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Accelerated tests for neural implants
Keywords: reliability, implants, accelerated tests
Neural implants are used for stimulating different neural pathways of interest as well as for sensing electrical and electrochemical function of the neurons. They play a critical role in the emerging efforts to develop therapeutics in bioelectronic medicine for a variety of disorders including neurological disorders and dysfunctions in mental health. However, implants in the brain and in the peripheral nervous system fail rather unpredictably in long-term conditions lasting several months. The most common and the debilitating modes of failure are at the interface between the implant (often a conductive electrode) and the surrounding tissue that include a complex interplay between biotic and abiotic factors. Biotic factors such as acute implantation injury, and chronic foreign body response result in changes in the extracellular matrix and the cellular milieu that can exacerbate typical abiotic factors such as corrosion and delamination leading to further injection of metal, metal oxide ions in the extracellular space. Accelerated bench-top tests that have been very successfully used in electronic industry to predict lifetimes are less accurate for predicting life-times for implantable devices since the biotic factors involved in the failures are not accurately understood and accelerated. The overall goal is to develop accelerated tests that will be more predictive of lifetimes under chronic in vivo conditions. We propose tests that will involve the use of a soft siloxane scaffold to minimize both acute injury and chronic foreign body responses in the brain tissue to an implant. We test the following hypotheses (a) soft siloxane scaffolds minimize biological perturbations in the surrounding tissue that typically accompany an implant and (b) accelerated bench top tests involving such scaffolds will therefore be more accurate in predicting lifetimes of implants in vivo experiments. We performed in vivo and bench top experiments to test the above two hypotheses under 3 different conditions for implants (condition #1) for monitoring electrical activity of neurons, (condition #2) for monitoring electrochemical activity of neurons and finally (condition #3) for neurostimulation. Measurements included electrochemical impedance spectroscopy (EIS), cyclic voltammetry (CV), amperometry and neuronal recordings in bench top and in vivo rodent experiments. In bench top experiments, 10-20 mM H2O2 and 40 mg/ml albumin were used to model the reactive oxidation species (ROS) and blood-brain breakage respectively. In in vivo experiments lasting over one year, the broad-band electrochemical impedance spectra were significantly more stable for implants (both tungsten and Pt/Ir) with a soft scaffold than those without. Preliminary histological and immunochemical analysis demonstrate a diminished biological response in the surrounding tissue when the implants are encapsulated in a soft siloxane scaffold. Electrochemical sensors developed for tyrosine were more stable (in 3 different biological mediums) when encapsulated with a soft scaffold compared to sensors that did not have one. Preliminary statistical analyses show that the use of a soft scaffold improves the consistency of the experimental measurements in long- term experiments under all 3 experimental conditions (condition #1, #2 and #3). Current work is focused on lifetime predictions based on statistical models of the above experimental data.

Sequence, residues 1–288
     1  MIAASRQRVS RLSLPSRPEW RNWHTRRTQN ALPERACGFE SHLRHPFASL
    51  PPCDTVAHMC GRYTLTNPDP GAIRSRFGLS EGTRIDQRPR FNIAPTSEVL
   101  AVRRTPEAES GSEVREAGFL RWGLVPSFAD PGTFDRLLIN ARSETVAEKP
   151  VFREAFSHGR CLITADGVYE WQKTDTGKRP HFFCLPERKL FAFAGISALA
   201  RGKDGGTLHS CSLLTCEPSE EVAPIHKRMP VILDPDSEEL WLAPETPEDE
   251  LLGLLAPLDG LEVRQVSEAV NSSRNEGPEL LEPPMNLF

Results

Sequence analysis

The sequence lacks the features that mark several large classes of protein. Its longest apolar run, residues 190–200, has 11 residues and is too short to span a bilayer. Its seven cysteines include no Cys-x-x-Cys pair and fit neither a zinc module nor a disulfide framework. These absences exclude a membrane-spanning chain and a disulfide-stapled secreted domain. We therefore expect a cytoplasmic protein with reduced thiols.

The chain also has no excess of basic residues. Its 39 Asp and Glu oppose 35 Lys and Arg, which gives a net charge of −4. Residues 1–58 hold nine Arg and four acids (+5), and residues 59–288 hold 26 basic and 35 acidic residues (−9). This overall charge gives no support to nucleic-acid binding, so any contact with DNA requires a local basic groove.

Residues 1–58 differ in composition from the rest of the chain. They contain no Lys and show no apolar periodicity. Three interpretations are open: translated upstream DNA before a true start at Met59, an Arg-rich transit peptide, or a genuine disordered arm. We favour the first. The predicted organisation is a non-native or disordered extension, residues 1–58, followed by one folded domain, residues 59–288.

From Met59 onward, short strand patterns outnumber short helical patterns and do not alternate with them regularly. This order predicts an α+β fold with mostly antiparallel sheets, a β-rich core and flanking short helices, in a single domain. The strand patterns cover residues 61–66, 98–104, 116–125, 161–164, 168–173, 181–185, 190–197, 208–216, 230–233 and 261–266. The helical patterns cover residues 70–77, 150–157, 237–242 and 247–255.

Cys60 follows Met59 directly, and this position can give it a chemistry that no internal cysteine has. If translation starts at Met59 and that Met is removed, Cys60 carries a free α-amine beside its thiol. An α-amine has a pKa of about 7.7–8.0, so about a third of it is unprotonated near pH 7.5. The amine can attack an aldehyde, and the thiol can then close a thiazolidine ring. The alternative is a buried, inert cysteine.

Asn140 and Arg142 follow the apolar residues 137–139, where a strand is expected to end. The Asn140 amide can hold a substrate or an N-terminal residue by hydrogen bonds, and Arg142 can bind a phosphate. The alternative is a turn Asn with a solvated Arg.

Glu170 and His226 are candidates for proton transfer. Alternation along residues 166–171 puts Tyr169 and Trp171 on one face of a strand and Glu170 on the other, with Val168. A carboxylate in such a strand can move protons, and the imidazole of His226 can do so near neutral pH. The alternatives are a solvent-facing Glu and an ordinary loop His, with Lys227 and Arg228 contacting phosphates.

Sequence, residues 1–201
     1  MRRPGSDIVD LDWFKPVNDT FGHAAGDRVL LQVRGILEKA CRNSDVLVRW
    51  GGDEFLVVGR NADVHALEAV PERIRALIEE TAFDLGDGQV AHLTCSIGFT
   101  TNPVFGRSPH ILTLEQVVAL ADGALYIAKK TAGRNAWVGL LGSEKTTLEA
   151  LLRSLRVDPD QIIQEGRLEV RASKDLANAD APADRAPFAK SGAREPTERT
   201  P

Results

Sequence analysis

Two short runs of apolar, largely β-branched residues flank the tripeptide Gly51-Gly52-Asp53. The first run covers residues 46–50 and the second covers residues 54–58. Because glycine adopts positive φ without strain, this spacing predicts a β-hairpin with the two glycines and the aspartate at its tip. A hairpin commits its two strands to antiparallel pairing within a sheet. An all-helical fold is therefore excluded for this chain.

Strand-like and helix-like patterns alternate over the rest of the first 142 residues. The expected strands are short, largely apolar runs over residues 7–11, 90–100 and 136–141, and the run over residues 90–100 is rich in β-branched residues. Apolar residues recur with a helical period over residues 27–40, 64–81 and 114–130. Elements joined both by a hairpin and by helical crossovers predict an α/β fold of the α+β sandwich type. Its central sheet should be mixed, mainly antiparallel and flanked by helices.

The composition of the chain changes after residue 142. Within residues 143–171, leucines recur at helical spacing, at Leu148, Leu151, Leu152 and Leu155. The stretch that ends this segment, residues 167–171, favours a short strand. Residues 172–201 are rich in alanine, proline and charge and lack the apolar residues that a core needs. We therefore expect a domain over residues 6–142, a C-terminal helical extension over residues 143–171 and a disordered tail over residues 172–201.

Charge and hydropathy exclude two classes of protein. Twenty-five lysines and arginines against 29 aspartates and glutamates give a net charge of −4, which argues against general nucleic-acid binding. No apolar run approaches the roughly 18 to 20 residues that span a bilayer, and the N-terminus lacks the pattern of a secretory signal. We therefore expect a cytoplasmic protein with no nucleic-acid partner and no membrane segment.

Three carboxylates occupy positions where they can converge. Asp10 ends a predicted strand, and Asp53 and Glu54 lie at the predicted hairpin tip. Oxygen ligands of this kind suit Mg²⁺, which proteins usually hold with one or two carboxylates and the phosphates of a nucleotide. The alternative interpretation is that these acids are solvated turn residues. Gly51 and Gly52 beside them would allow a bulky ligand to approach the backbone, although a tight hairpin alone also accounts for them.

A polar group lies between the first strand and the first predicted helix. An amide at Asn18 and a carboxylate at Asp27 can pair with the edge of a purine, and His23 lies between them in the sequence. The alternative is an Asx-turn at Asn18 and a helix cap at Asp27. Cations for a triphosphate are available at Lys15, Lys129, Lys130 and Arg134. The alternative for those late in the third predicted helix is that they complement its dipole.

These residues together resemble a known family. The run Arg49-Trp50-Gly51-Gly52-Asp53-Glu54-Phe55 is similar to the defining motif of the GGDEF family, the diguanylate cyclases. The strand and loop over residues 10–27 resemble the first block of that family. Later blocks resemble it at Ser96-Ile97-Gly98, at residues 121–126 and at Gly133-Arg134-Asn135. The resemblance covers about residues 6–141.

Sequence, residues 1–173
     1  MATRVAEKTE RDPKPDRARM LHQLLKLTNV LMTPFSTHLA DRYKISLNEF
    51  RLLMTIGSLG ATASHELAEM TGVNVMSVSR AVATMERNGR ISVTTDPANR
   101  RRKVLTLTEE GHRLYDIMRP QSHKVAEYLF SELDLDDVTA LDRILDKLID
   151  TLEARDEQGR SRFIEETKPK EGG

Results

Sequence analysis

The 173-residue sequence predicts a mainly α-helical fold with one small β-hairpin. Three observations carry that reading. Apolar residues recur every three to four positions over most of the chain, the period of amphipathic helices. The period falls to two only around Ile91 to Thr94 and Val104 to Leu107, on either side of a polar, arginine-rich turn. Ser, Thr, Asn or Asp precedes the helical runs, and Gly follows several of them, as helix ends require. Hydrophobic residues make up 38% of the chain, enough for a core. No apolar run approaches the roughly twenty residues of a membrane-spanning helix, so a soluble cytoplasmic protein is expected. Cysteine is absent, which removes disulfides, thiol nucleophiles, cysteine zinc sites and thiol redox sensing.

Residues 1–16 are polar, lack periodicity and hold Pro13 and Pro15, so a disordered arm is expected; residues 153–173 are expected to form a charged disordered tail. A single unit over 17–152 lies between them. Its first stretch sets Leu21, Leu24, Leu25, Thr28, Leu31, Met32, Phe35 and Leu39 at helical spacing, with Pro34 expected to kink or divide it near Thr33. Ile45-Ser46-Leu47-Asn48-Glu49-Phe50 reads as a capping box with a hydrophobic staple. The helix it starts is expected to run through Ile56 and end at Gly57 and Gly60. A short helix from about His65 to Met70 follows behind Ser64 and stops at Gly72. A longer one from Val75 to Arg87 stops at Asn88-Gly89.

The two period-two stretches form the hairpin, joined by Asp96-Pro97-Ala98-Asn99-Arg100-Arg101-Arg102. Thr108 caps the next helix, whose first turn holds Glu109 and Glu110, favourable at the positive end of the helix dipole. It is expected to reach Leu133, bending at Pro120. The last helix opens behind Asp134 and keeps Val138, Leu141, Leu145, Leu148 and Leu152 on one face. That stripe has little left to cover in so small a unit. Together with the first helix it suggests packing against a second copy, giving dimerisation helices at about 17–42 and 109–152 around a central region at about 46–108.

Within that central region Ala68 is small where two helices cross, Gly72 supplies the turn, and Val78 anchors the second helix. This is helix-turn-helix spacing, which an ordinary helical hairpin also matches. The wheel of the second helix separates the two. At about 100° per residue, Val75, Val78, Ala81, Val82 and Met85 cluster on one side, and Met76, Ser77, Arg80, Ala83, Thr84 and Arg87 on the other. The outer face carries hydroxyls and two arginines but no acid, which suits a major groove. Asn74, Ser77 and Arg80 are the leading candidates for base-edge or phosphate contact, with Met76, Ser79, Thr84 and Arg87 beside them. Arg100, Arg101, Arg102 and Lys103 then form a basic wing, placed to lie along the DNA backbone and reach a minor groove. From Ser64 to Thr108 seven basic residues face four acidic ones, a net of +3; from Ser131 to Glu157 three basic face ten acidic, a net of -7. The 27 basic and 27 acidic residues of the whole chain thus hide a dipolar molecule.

Jit Muthuswamy, Associate Professor, Biomedical Engineering
Arizona State University
Tempe, AZ

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